In our community when someone asks their question and it gets a response, an auto-generated email is sent off with a CTA of accepting the solution or replying to the thread to keep the conversation going. This is sent out 48 hours after their post gets a reply.
Using Care, after a post gets a reply, I snooze it for 2 days to track to see if the user came back to take any action.
If the user doesn't take any of those two actions, I send them a PM with a slightly different copy but with the same core message of Accept the Solution or jump back into the conversation to keep it going. Then I snooze the post for another 2 days.
So now after 4 business days, if the OP does not take any action, I close it out in Care with a resolution of "user did not respond"
I'm looking to improve the accepted solution metric by encouraging members to followup with their questions and close the loop.
Are any of you tracking this metric in a similar way (auto-generated email vs PM or this metric at all?) If so, how are you doing it?
Any thoughts/techniques to improve the closure outcome?
I can share the copy we use in both the auto-generated email and PM if that helps.
It would be good to share the verbiage. 😊 And perhaps see if you get some suggestions here. You can play around with some A/B testing perhaps.
Just talking from experience and my own user behavior.
This is a difficult one. Customers often don't even come back to read the message and when they actually do, they usually don't take the time to mark a solution as excepted. It's often also discouraging to our volunteers are they spend their time to write an answer.
So, we haven't found the magic solution but what I will say.
Wording and call to action might make a difference. Adding a reason why a user should mark an accepted solution could be helpful. The "What's in It for me" might not be obvious to the users so perhaps calling out that it helps others find a solution to their question by sharing this solution could spark the altruism in them. Try to add a personal note, if you and your moderators are doing this manually.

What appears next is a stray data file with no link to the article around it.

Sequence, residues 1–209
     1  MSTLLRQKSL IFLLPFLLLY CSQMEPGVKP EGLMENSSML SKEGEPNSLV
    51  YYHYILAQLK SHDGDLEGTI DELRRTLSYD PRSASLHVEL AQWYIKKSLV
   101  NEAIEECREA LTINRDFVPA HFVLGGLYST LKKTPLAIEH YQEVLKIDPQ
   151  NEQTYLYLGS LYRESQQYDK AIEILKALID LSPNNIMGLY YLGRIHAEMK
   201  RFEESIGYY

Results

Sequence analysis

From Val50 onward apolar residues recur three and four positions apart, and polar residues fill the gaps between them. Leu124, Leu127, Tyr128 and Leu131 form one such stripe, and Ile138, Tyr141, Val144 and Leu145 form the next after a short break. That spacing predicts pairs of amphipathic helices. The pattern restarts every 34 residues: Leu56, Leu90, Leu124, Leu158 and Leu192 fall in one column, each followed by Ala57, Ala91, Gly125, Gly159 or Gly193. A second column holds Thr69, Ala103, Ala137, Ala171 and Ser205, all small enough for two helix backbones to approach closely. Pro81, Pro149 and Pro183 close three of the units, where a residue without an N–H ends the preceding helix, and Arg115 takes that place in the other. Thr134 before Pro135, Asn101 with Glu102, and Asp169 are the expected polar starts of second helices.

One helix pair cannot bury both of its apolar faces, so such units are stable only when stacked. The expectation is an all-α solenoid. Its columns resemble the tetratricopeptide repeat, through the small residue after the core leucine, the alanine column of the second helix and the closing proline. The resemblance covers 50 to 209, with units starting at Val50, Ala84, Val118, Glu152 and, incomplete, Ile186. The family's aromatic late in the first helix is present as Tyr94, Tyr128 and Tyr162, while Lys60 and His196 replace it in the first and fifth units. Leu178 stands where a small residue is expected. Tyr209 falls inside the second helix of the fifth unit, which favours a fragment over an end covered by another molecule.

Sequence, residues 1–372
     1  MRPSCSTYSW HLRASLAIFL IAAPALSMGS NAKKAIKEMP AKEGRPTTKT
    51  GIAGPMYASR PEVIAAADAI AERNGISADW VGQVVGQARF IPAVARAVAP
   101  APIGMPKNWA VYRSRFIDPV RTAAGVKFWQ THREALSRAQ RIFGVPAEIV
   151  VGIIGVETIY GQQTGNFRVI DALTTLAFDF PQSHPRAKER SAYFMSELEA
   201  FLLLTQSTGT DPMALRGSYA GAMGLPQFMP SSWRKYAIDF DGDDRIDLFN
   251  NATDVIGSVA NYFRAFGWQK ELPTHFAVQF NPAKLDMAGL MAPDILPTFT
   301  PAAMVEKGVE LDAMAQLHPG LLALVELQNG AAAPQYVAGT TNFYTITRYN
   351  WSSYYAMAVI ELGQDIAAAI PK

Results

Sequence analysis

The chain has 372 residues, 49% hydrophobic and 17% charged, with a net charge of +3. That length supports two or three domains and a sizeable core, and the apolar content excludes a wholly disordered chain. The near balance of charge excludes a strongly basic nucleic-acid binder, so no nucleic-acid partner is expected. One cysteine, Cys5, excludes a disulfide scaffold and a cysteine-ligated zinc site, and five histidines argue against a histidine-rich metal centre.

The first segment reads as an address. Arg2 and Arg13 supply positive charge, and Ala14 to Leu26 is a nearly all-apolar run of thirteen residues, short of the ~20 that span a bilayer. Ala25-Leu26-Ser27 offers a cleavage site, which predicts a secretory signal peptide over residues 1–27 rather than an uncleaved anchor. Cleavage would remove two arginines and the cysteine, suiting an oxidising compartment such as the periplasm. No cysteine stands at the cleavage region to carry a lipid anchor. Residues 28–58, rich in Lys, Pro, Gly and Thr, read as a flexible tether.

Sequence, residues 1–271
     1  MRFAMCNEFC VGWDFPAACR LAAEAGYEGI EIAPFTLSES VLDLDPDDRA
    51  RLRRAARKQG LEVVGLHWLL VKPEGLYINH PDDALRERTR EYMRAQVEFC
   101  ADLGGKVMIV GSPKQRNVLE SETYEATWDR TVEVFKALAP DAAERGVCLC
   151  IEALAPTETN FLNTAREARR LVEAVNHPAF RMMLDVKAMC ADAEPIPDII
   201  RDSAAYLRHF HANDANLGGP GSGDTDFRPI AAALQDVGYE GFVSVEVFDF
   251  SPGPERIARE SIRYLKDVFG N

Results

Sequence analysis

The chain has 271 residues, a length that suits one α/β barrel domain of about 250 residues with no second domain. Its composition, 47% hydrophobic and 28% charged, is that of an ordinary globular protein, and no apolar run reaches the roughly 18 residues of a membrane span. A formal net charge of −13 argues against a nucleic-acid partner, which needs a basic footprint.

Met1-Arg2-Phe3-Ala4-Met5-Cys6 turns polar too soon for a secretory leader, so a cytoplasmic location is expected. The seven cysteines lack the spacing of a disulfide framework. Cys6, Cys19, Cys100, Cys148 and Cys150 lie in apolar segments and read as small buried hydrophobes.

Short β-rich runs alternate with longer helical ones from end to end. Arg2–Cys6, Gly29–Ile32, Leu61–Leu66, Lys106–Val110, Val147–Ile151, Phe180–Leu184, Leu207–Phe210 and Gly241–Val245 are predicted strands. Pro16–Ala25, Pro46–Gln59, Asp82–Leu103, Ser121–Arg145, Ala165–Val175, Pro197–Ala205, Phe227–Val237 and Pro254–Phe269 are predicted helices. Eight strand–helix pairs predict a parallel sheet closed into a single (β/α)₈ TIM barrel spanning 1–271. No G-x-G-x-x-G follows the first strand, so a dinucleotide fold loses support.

I am not sure the type of community you are running but instead of a private note you could try to post a public reply in a thread and this may educate other members of the community as well and start the domino effect of accepting answers as solutions.
Try to make it as easy as possible to accept a solution, perhaps by allowing to accept a solution via email without the need to login (need to look at technical feasibility)
Try to get to the source of why people are not accepting solutions. Maybe the users don't read the answers (difficult to measure I know) or maybe it simply wasn't the answer to their questions. Offer a next step of help to get them back into the conversation.
It is a hard nut to crack. We can also debate how much an AS rate reflects the actual success of the community. Often it is used as a KPI to measure community succes but knowing so many users are simply not taking a moment to mark the solution even if it solved the issue makes this metric less reliable and reflective of your customer experience. I would not stare blind on it myself.
Just my 2 cents. I am also curious to see if others have any ideas.
Thanks for your input.
Our community is a technical one for users who purchased our product or who are trialing it out.
This is our copy for the automated email that gets sent out (after 2 day after a reply is made to their post)
"We encourage you to review and if you find it useful please give kudos to the poster.
If the post answers your questions sufficiently, please consider marking it as an Accept as Solution. Accepted solutions help the community at large find answers faster.
Thanks for contributing,
The AppDynamics Community Team
Tip: Make sure to click on the link to reply directly in community. Replying to this email won't post a reply to the community thread."
Then after two days of no action, we follow it up with this via a PM
"It looks like your post got a reply recently. If the reply helped answer your question, can you please take 5 seconds to click the “Accept as Solution” button on the reply. This helps confirm that the question was answered and builds a knowledge bank of answers in the community.